A new minimally invasive tumor ablation technique is providing hope for liver cancer patients who can’t undergo surgery or thermal ablation, a study shows.
The study of 22 patients at the Universitatsklinikum Regensberg in Regensberg, Germany, found that irreversible electroporation (IRE) successfully destroyed tumor tissue in 70% of these patients. These patients were not responsive to conventional therapy or their tumor was in a location that was not suitable for standard treatment, said Dr. Philipp Wiggermann, lead author of the study. “If one considers that IRE was really the only option for these patients, the results are very promising,” he said.
Scientists have identified a new compound that rapidly kills hepatocellular carcinoma (HCC) cells, the most common form of liver cancer and fifth most common cancer worldwide, while sparing healthy tissue. The compound, Factor Qunolinone Inhibitor 1 (FQI1), works by inhibiting an oncogene originally discovered by a team of researchers led by Devanand Sarkar, M.B.B.S., Ph.D., Harrison Scholar at Virginia Commonwealth University (VCU) Massey Cancer Center, Blick Scholar and assistant professor in the Department of Human and Molecular Genetics and member of the VCU Institute of Molecular Medicine at the VCU School of Medicine.
INDIANAPOLIS — The latest weapon against inoperable liver cancer is so tiny that it takes millions of them per treatment, but according to interventional radiologists at the Indiana University School of Medicine, those microscopic spheres really pack a therapeutic punch.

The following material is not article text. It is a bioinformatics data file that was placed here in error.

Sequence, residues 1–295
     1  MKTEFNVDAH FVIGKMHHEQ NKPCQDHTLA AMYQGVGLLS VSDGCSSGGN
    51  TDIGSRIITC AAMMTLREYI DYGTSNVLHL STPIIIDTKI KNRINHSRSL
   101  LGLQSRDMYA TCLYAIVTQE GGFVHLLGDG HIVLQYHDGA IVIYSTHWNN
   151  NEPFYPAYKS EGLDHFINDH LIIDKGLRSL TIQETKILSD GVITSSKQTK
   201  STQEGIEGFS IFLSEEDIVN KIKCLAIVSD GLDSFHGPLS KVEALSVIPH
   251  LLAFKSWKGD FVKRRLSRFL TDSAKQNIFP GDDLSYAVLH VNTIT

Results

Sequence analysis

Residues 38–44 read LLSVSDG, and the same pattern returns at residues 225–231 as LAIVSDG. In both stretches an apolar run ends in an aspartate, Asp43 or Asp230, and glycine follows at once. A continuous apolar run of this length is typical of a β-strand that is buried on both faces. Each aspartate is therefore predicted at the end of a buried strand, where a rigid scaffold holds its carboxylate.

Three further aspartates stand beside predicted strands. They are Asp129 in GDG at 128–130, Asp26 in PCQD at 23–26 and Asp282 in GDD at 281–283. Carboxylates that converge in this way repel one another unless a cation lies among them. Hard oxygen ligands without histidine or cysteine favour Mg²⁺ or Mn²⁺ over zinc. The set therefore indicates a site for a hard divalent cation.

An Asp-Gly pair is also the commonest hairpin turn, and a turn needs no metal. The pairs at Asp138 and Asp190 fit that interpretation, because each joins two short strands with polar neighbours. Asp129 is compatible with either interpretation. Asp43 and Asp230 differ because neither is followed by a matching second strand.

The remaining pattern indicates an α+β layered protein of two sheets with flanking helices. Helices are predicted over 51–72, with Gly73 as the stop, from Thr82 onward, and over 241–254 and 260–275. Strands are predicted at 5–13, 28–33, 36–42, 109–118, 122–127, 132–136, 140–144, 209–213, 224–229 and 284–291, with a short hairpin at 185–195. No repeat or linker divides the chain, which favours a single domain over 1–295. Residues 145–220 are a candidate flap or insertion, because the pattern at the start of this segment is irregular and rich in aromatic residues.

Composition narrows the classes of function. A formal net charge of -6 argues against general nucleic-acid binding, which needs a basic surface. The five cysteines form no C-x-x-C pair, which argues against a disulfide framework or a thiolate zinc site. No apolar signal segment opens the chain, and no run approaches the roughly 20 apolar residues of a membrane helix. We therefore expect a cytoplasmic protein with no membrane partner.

CU School of Medicine researchers find link to infection
Researchers at the University of Colorado School of Medicine and The Children’s Hospital have taken a big step toward understanding what causes one of the most serious liver diseases in infants.
JACKSONVILLE, Fla. Â— Physicians at Mayo Clinic’s Florida campus are among the first in the nation to use a technique known as MRI-guided laser ablation to heat up and destroy kidney and liver tumors. So far, five patients have been successfully treated Â— meaning no visible tumors remained after the procedure.
COLUMBUS, Ohio Â– Scientists have found that a synthetic molecule they designed can block activation of a gene in liver cancer cells, halting a process that allows some of those cancer cells to survive chemotherapy.
(PHILADELPHIA) Previous studies have shown that antiviral treatment reduces the incidence of hepatocellular carcinoma (HCC) in patients with chronic hepatitis B (CHB). But now, researchers from the Division of Gastroenterology and Hepatology at Thomas Jefferson University are reporting that the antiviral therapy also prevents recurrence of HCC and extends patients’ lives.
Contact: Leslie Orr
University of Rochester Medical Center
A University of Rochester study helps to explain why men get liver cancer more often than women and opens the door for a new treatment pathway, by showing a direct link between the androgen receptor, which is more active in men, and the hepatitis B virus as it relates to the deadly cancer.